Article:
This was my 21st birthday “cake” at treatment. It’s covered in notecards from family with sweet messages, quotes and stickers. I still have the cards. One of the nicest things anyone has ever done for me.


Filed under body image, eating disorder, eating disorders, family, friends, Hope, Identity, life events, Life Story, New Life, Recovery, survivor, the past

many birthdays, many lessons

It’s weird. It’s my birthday eve so to say. I’ve had a great day. My parents, Ben and I headed over to pick up my bed (fondly named the cloud because of it’s incredible comfyness), shop for Christmas CD’s, pick out a pumpkin and eat at PF Changs. I had a lot of fun and enjoyed the time. It was a low key way to celebrate but just right.

However, now that I’m home I’m feeling a tad bit…sad? melcholoy? odd? weird? I don’t have the word for it. When we arrived back home I could hear the band playing the half time show. Memories of past birthdays came back. For four years I spent every birthday with the band in some capacity – rehearsals, games, competitions. Since going to band everyday meant facing my tormentors and enduring abuse I didn’t enjoy those birthdays – at least not the way I should have. I would have loved to have had a sweet sixteen. Instead, I shudder to remember how I spent the day.

There were some birthdays in between and then came treatments. I turned twenty-one at Laureate. And I ashamed to say but that birthday was one of the best ones I had in years. I was beginning to thaw and come back to life. I was happy. I was in a safe environment. It makes me sad now to look back and see that at twenty-one instead of having a drink with friends I was crawling around on the floor with a tube in my nose making flubber but at the time I was having a blast. I’ve regretted that birthday many times. And felt like that perhaps I missed out. And maybe I did. Maybe I didn’t have the ‘normal’ twenty-first birthday. But I was happy and safe. And that counts for a lot. That birthday I learned about safety and happiness.

And then twenty-two came. Once again I was in treatment. CFC this time and on caution to boot (caution is basically isolation and twenty-four hour watch) but if I learned about happiness on my twenty-first, this was the birthday I learned about love and relationships. The girls on the IP unit decorated the entire IP unit with signs for my birthday. They weren’t allowed to talk to me but when I got up they were everywhere. They came to the dining hall singing “My Favorite Things”. Again, not allowed to interact with me but they made sure I got the message I was loved. They knew that song was my favorite and they took the time to sing to me. Throughout the day there were smiles, secret messages and hand squeezes. The techs mostly looked the other way and that night I got off caution and was greeted with hugs, smiles and cards. I truly felt surrounded by love. A love I did nothing to earn. That was the birthday I learned about the beauty of relationships.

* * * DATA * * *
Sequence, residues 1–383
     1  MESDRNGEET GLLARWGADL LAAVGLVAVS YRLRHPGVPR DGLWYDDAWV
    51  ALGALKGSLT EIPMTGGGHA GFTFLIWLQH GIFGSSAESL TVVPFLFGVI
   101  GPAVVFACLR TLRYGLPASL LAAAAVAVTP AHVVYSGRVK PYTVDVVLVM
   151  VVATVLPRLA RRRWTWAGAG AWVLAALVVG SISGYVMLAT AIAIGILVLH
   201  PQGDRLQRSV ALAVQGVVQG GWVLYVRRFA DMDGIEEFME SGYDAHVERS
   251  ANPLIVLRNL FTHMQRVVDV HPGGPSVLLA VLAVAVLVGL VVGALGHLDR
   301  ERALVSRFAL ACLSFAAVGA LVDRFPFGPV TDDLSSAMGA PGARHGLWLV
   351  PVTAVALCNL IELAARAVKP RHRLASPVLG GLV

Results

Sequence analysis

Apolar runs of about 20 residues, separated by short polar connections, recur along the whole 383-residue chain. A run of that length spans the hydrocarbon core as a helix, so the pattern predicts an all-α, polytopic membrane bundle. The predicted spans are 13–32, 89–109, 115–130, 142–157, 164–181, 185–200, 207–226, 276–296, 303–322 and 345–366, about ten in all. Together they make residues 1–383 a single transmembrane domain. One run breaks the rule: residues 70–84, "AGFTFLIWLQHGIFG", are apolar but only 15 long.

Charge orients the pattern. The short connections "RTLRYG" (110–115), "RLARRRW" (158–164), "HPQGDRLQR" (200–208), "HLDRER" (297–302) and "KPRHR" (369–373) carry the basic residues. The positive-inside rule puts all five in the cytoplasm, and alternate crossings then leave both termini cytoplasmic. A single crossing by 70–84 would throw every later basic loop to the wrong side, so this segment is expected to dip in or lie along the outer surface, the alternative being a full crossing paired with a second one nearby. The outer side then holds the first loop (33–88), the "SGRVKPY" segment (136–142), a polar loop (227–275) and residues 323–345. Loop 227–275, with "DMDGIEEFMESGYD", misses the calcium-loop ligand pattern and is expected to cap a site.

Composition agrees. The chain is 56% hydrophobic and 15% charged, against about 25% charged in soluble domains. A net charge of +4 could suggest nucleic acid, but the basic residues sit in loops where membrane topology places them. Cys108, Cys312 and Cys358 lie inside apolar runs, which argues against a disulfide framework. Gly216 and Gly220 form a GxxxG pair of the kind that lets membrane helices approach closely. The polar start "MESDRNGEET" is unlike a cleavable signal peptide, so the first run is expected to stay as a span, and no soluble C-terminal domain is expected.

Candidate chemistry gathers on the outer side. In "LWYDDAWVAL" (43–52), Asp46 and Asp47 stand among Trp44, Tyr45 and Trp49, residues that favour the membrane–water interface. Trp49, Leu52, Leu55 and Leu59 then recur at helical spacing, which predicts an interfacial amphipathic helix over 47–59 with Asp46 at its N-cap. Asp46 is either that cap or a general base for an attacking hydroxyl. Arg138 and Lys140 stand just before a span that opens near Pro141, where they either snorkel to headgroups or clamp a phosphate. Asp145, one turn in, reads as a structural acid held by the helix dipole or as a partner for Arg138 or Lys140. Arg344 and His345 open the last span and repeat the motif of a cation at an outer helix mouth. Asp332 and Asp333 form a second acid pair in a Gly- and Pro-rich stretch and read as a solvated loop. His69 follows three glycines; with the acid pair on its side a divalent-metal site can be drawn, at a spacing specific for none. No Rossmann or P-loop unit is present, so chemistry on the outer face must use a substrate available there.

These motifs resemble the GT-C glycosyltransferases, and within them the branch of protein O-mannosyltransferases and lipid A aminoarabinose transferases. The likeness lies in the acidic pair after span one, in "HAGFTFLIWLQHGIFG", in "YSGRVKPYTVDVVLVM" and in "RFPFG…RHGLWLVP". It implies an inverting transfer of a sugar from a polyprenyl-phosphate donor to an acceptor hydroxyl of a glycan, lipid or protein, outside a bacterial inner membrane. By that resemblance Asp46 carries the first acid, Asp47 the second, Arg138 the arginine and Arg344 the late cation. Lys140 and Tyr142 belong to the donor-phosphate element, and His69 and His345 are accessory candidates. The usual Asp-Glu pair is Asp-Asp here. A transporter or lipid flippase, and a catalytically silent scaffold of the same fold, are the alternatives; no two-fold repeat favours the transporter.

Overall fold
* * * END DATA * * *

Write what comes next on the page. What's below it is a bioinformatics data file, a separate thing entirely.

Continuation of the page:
And twenty-three – my entire family came together to celebrate this first birthday home and in recovery. They came to celebrate me. To let me know they were proud of me and I was loved. They each brought me a magnet which I proudly hung up in my little yellow apartment and will once again when I move next month. I opened my gifts and cherished the simple fact that I was home. I was in between crisis so to say. That fall was hard for me and I spent a lot of time in and out of the hospital but my birthday was a bright spot. A day to celebrate. This birthday I learned that it was okay to acknowledge my progress.

This birthday? Twenty-four. What will I learn? I don’t know. Ben sits by me on the couch. I am comforted by him and was reminded again tonight at the restaurant how much he helps me. My anxiety rose there and simply having his weight on my foot calmed and steadied me. I remained present and enjoyed my meal. Tomorrow will be a quiet day ending with a celebration with a few family members and I’m looking forward to it. I’m sure I will take something away from this birthday (more than my depressed feeling that 24 is becoming old) but like previous birthdays I might not know what that is until later. So I’ll write again next year and let you know what I’ve figured out.

And now – I’m off to spend my last few hours as a twenty-three year old hanging out with my dog.


Filed under coping skills, family, friends, Hope, Identity, life events, New Life, Recovery, the past, trauma